The Bureau of Alcohol, Tobacco, Firearms and Explosives (ATF) announced today that Chief James Corwin and the Kansas City, Mo., Police Department Regional Crime Laboratory have been recognized for recording the 100th "hit" in their use of ATF's computerized ballistic imaging system.
ATF Special Agent in Charge Mike Boxler was pleased the crime lab achieved this distinction, adding "the invaluable investigative leads gained from this advanced ballistic imaging technology have a direct impact on safeguarding the public."
Police Chief Corwin said this technology helps us achieve our goals of preventing and reducing crime. "This partnership is a great example of collaboration between federal and local agencies to impact crime," Corwin said.
ATF's National Integrated Ballistic Information Network (NIBIN) is a computerized ballistic imaging system that uses Integrated Ballistics Identification System (IBIS) technology to allow firearms technicians and examiners to acquire, digitize, and compare unique markings made by a firearm on bullets and cartridge casings. ATF currently deploys equipment comprising the network at 221 law enforcement forensic units throughout the United States and its territories.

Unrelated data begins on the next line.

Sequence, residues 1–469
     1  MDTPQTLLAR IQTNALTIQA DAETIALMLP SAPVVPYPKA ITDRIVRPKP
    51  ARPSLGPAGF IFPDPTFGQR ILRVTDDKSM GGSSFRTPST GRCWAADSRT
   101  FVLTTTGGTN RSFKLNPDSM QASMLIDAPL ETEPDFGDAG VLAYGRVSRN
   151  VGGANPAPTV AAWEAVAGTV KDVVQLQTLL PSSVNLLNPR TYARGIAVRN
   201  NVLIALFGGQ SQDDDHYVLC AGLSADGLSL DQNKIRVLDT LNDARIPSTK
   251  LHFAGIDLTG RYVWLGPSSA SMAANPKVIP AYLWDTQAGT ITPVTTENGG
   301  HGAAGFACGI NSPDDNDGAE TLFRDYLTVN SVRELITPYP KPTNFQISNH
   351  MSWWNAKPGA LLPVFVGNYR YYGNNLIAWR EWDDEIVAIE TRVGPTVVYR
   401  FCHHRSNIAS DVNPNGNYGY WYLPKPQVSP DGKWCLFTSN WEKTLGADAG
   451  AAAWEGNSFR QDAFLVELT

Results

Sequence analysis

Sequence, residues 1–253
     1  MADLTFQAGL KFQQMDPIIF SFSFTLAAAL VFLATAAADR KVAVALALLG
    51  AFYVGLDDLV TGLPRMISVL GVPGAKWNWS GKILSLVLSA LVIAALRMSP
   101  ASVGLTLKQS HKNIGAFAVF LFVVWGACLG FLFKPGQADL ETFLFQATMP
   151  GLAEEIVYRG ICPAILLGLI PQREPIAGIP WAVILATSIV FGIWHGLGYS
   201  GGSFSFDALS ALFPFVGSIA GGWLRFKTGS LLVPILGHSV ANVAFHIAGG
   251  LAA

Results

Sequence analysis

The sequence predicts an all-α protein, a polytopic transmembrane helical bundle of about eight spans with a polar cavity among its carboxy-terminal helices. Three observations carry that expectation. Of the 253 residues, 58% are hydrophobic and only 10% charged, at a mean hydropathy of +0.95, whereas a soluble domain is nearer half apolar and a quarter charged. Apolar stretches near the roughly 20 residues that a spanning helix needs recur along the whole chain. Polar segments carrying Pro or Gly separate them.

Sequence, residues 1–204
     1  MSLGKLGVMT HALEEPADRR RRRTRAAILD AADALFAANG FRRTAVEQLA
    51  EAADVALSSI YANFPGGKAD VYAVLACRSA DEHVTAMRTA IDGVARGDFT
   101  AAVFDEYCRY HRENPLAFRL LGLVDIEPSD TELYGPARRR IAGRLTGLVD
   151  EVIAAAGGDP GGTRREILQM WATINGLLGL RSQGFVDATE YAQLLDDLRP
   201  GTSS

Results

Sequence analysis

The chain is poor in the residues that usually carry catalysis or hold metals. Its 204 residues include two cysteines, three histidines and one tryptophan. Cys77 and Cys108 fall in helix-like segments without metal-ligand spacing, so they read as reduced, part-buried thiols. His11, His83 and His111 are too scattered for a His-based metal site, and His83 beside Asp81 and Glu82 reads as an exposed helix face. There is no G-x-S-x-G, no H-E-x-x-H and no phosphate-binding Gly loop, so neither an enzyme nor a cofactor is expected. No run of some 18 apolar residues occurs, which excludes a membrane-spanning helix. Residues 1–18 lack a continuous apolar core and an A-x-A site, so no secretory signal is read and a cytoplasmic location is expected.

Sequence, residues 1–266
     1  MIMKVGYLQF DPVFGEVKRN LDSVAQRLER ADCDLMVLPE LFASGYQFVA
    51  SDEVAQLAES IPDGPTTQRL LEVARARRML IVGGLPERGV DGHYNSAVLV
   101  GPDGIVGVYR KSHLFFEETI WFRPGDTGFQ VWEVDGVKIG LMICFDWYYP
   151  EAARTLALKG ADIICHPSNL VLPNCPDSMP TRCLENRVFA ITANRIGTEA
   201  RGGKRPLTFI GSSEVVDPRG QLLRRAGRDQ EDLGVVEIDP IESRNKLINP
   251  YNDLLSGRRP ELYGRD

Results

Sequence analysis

NIBIN enables law enforcement agencies to discover links between evidence from multiple crime scenes more quickly, including links that would have been lost without the technology, and to identify patterned criminal activity. Since 1998, NIBIN partner agencies have imaged more than 929,000 pieces of ballistic evidence into the database and have linked at least 26,200 crime scenes. The network remains a crucial part of Project Safe Neighborhood, a national initiative against gun violence.
Corwin and Boxler both thanked the regional crime laboratory personnel for their tireless efforts in making NIBIN successful and productive in Kansas City.